I just recently joined Face book,in April and dropped a note to a few of my HS classmates. A fellow classmate contacted me and is very concerned over a family member possibly having Lyme’s disease and needed some information. That is why I am sharing my story with you since then I have been contacted by a few more.
My experience with dealing with Chronic Lyme’s Disease (CLD) or Late Stage Lyme’s Disease affected my life tremendously. Big controversy exists whether there is such a thing. In the summer of 2002, I discovered a tick buried in my shoulder, the 4th of July week. I went to the ER. The standard 10-day antibiotic was prescribed immediately before the results of the Elisa and Western Blot tests were known. The Midwestern ER doctor knew these tests were only accurate approximately 50% of the time. We were told taking antibiotics before the tests could sometimes provide a false negative (antibiotics could cause the disease to go dormant). I had the Bull’s Eye rash (only shows about 50% of the time too), mild headaches, minor flu-like symptoms and a stiff neck; I felt better when I finished. On a road trip to Wisconsin for my 20th High School Reunion the end of July, I began getting stiff knees on the way there. While in WI, besides my stiffness, I was experiencing hot flashes, chills, stiffness, and fatigue. When back in Florida, I asked for another treatment for Lyme’s disease. The doctor stated that the Western Blot and Elisa in July were defined as negative (based on the CDC requirements that define Lyme disease) even though there were some hints of a positive, it had to be something else. After numerous tests to rule out ms, lupus, meningitis, rheumatoid arthritis, etc., my central nervous system functions began to go haywire. It caused a debilitation to my body quickly. Here is a general list of how I was affected: severe nerve pain, one stiff hip, constant low grade fever, peripheral neuropathy, temporary loss of sight, tunnel vision, severe pain all along my spine, flu-like symptoms, loss of night vision, loss of speech, loss of motor functions, loss of coordination, loss of hair, difficulty walking, numbness and tingling of head, hands and feet, arthritis, short term memory loss, loss of cognition, inability to hold urination, diarrhea, severe migraines. Finally, I was bedridden, severely depressed and unable to do any work. The worst times would reoccur about every 40 days (a supposed symptom of the bacteria life cycle). Yet, the doctors would not acknowledge the possibility of CLD. It had to be just a coincidence that these symptoms all began, waned, and continued to escalate at the time since I discovered the tick. I want to add that a couple of CLD specialists thoughts of a possibility that I was reinfected with Lyme’s while my body was still recovering from an initial infection and that is why I was affected so quickly and intensely. Ultimately, I found a very open-minded and thorough neurologist that someone recommended. An LP (spinal tap) was performed as well as other non-standard tests for Lyme’s Disease. The bacteria were discovered in the spinal fluid. An in-home IV antibiotic for 28 days was immediately prescribed; there was not any improvement. I was referred to someone that was dealing with CLD; I immediately began working with her young, open-minded doctor that conferred with CLD specialists (from different states) to continue with treatment. After signing off several medical waivers, I began an agressive18-month antibiotic treatment, the first twelve months there was very little improvement. The next six months, a Chinese herbal treatment was added to the conventional, antibiotic treatment and within a week, I saw some remarkable results. I continued the herbal treatment for approximately another year working with a NY doctor that specialized in Chinese Medicine (a certified doctor in US and Chinese medicine). In my opinion, the Chinese medicine played an immense part in helping me recover from/handle a majority of the symptoms, not cured, from CLD. During my battle with CLD, I interacted with approximately four other people who all were dealing with CLD and knew of others too. None of us had the standard symptoms and was affected the same way. Here is a description of some of each of their symptoms: (1) Confined to a wheelchair, left-side paralysis similar to someone with MS; (2) Severe peripheral neuropathy (limiting clothing that touched and/or limited the contact with the skin) and was very muscularly weak; (3) Severe chronic fatigue, no joint pain, migraines, poor comprehension and cognition; and, (4) Chronic fatigue, flu-like symptoms, and poor joint mobility and stiffness. Occasionally, I will contact one of them to see how they are doing. I spoke with one recently who stated she is “fine” (but when we saw her in 2008 she appeared to be struggling); the others I am waiting to hear from. I only hope that they share some of my same success. Be proactive with your doctors and health care providers. You are the one that knows your body the best. CLD is not a terminal disease or as dramatic as other diseases; however, at times, it can affect your life and your long-term health just as significantly. I have to continue to monitor my lifestyle to ensure I remain well and use extra caution when using antibiotics, choosing elective surgery, using vaccinations and receiving shots. As long as I remain vigilant, I can continue to enjoy my wonderful life.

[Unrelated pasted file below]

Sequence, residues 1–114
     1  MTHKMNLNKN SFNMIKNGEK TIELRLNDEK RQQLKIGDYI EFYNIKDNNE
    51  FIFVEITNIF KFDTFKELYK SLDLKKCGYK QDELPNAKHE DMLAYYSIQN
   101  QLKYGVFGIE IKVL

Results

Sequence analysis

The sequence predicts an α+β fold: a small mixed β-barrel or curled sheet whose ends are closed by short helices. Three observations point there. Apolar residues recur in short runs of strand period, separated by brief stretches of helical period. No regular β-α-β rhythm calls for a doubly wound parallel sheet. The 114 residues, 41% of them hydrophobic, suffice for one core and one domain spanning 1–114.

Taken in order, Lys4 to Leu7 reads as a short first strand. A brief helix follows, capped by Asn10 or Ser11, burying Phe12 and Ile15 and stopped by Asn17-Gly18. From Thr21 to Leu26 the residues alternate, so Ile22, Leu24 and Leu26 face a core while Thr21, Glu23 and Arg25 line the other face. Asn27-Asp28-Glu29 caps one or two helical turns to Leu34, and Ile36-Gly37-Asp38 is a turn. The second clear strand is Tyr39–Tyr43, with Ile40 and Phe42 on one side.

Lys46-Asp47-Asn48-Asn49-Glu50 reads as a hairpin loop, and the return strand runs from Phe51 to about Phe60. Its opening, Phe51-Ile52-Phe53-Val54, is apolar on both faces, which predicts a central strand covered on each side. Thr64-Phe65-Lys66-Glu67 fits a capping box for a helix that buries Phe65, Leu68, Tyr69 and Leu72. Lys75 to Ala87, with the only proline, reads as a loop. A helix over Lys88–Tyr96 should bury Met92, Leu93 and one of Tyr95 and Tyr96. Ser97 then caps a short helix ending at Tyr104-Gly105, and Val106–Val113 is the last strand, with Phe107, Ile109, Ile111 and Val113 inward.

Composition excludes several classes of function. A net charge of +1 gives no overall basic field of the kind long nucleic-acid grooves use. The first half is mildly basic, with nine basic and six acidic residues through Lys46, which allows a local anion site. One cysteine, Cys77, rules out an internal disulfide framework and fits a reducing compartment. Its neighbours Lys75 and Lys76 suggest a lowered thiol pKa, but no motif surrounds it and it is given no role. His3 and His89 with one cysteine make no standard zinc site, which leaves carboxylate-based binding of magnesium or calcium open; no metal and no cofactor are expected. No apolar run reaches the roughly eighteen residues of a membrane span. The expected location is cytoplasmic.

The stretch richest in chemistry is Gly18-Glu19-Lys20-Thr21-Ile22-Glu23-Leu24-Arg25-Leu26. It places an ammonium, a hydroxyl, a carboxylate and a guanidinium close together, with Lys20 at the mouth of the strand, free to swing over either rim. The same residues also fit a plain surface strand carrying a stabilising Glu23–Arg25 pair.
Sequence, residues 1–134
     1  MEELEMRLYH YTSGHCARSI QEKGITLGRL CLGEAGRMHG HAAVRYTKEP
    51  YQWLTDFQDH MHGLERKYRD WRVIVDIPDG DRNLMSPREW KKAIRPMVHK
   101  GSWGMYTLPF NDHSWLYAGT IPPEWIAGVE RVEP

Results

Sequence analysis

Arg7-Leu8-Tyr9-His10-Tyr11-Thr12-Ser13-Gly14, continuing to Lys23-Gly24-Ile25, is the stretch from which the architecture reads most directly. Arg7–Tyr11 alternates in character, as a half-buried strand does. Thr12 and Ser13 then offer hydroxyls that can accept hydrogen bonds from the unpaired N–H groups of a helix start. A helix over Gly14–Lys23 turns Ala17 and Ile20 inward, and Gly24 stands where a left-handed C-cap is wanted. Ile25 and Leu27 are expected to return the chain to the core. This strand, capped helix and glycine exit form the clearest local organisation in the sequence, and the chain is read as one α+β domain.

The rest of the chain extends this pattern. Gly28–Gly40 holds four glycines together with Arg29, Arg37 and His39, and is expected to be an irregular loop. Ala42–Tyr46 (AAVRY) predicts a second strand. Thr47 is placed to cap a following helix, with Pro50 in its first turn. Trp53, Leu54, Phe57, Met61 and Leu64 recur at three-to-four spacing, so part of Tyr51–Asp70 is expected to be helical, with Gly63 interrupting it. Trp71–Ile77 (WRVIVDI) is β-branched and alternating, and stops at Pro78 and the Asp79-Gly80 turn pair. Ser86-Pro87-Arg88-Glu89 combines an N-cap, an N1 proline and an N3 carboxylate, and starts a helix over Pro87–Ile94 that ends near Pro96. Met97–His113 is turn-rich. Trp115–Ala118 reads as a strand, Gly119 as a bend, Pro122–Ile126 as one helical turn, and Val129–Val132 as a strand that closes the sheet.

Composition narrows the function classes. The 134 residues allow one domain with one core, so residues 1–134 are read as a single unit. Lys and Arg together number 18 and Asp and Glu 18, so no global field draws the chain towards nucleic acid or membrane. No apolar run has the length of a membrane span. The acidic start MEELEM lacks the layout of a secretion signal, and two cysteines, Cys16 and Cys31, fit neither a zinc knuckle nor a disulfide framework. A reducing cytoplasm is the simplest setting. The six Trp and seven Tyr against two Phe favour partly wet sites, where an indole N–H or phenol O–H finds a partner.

An early diagnosis has the potential to reduce or even eliminate the longer-term problems that Lyme disease can cause. This is just to add awareness not to offer any medical advice, so that you can protect your family, friends and pets. Enjoy outdoor activities. Be safe.
Please remember this was my personal experience.